Nearly $2.5 million in grants have flowed into the District of Houston in the past three years to help finance projects that might otherwise not be possible.
Figures released at the Aug. 1 District of Houston council meeting indicate the $2.5 million is about half of what was applied for in support of $6.3 million worth of projects.
District of Houston chief administrative officer Michael Dewar noted that the approval list demonstrates the value of having a grant writer.
In itself the District’s grant writing function is supported by an $8,000 grant from the Prince George-based Northern Development Initiative Trust.
Topping the approved list to help pay for the below ground replacement of water and sewer pipes and above ground rebuilding now underway on 20th St. in the downtown core is $675,000 from the federal government and $200,000 from the Northern Development Initiative Trust.
Water main replacement work is finished as are sewer repairs and preparations have now started to build up roads for paving. Project completion is anticipated by October.
Another $297,375 is also coming from the provincial government through the Northern Development Initiative Trust to hire by contract a project manager to see the District through a list of planned projects, one of which is rebuilding 11th St. in the downtown core.
The Northern Development Initiative Trust is also providing $182,700 to hire someone to fully develop a long-standing desire of the District to encourage more housing development and $154,948 to hire someone to update and strengthen the District’s emergency response program in light of the changing climate.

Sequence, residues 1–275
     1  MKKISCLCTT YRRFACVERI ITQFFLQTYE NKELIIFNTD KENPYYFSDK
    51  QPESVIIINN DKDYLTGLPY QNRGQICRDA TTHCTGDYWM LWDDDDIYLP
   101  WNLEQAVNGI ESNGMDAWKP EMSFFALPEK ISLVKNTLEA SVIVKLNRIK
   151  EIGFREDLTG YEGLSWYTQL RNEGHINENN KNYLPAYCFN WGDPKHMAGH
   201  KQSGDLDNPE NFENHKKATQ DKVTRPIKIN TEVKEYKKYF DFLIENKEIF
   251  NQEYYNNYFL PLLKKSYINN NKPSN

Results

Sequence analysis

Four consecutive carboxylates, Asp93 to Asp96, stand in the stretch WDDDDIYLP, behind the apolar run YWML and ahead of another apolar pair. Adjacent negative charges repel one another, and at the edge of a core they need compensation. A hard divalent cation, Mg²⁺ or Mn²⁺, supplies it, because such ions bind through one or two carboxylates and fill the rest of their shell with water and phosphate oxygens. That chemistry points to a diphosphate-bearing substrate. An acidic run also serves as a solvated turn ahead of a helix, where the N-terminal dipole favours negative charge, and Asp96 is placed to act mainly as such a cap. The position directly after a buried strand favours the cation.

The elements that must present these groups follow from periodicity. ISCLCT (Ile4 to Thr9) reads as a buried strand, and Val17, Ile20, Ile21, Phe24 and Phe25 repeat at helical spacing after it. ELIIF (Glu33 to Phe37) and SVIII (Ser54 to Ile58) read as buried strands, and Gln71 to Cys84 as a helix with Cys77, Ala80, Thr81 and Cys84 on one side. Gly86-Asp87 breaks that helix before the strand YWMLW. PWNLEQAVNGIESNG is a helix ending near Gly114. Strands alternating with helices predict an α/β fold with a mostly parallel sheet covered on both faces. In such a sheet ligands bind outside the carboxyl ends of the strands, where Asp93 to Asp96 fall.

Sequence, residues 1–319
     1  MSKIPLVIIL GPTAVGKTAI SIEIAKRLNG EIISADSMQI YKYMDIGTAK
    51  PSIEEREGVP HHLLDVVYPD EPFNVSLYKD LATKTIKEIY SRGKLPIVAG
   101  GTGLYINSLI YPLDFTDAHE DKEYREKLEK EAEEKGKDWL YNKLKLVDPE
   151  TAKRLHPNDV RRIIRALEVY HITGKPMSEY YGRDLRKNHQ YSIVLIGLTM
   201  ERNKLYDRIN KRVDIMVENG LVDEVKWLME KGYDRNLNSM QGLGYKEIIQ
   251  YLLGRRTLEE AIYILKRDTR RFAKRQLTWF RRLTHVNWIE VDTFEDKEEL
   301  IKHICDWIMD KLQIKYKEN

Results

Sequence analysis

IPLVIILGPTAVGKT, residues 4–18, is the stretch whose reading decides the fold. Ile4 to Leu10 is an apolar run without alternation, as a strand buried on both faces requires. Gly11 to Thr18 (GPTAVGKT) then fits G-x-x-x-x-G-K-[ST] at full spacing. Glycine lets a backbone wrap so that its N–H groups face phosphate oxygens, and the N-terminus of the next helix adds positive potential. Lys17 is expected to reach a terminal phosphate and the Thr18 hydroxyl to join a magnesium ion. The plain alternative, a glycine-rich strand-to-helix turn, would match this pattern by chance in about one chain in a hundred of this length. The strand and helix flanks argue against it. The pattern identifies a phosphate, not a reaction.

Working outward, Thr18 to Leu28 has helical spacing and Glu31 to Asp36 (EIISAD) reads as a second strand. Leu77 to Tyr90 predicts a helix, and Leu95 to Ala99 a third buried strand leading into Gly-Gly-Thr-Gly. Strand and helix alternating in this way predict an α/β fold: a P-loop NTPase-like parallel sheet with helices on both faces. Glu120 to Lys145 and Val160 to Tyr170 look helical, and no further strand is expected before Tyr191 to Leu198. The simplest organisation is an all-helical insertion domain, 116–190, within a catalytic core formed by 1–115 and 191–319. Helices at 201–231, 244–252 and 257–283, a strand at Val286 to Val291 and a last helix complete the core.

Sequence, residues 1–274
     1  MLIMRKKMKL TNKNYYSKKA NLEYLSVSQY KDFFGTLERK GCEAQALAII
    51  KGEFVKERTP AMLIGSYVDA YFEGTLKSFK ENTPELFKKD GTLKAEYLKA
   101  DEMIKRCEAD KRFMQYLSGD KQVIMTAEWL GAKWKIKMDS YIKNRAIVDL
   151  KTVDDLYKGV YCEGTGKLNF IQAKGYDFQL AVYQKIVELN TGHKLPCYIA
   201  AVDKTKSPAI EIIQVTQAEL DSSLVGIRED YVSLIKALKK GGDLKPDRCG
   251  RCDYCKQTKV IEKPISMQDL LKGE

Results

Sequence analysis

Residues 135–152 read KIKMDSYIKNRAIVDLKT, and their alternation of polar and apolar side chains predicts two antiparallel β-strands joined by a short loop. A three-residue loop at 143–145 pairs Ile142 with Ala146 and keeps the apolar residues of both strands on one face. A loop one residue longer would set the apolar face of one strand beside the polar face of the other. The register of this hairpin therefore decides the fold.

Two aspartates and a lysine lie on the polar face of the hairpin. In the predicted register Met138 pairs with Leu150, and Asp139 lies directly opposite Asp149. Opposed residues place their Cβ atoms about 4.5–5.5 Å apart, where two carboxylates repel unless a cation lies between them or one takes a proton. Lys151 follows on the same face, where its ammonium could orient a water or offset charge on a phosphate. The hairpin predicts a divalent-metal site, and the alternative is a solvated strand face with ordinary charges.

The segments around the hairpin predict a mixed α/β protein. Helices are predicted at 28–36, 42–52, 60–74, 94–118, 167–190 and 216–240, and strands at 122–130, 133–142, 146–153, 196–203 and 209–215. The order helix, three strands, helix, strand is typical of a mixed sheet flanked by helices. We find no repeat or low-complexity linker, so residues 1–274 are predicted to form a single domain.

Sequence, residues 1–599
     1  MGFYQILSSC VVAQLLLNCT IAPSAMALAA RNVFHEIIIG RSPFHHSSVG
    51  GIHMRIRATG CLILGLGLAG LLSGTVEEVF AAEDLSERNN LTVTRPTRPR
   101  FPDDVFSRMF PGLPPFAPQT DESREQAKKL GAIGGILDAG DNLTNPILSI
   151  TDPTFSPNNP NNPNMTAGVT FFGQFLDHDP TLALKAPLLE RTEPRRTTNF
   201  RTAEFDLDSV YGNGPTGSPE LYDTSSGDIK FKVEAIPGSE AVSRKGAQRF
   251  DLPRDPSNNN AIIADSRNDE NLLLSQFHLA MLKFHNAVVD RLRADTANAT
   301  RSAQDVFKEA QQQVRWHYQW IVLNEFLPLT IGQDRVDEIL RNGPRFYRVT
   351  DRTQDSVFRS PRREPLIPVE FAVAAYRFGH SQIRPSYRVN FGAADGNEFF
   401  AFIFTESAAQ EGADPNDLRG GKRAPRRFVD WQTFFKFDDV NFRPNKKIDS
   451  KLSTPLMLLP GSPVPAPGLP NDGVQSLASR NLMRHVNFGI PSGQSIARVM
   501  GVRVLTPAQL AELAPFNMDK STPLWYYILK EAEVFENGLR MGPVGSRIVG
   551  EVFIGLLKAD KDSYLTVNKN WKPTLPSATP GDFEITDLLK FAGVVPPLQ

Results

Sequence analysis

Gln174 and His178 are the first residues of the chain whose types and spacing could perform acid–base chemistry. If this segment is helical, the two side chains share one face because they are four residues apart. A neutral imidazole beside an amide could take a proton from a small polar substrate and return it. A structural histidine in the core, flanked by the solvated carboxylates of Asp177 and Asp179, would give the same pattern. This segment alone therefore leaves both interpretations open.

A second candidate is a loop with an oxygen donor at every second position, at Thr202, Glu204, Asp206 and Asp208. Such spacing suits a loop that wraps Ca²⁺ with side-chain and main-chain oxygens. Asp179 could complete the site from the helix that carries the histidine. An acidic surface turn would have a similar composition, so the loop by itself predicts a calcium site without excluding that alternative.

The trust is also providing $97,200 so the District can update and streamline its development bylaws, a factor the District views as needed to encourage business investment within the community.
A federal grant of $100,000 is going to help the District prepare a master plan indicating where and at what point it needs to replace and maintain infrastructure.
A longstanding wish to address annual flooding along Silverthorne Creek is being developed thanks to a senior government $150,000 grant. That will then form the basis for another grant application to pay for the work.
While the District has been successful in getting grant support to improve boat launching at Bymac Park, it has been less successful, so far, in getting grants for a complete overhaul of camping and recreation amenities there.
Two grant applications, one for $1 million from the provincial government and $250,000 from the provincial government, leading toward a $2 million project were denied.
The District also wants to replace its aging community hall and has yet to hear back on two substantial grant applications which, if successful, would cover a majority of the construction budget.
The list does not include two other significant grants that came from the provincial government which did not require applications to be made.
One, in 2019 and in 202o, called the Northern Capital and Planning Program amounted to $6.5 million, portions of which have already been allocated to the downtown improvement and other infrastructure projects.
And just this spring the District received $1.7 million as part of $1 billion distributed by the province to local governments. That has been deposited in a high interest-earning savings account pending decisions on how it should be spent.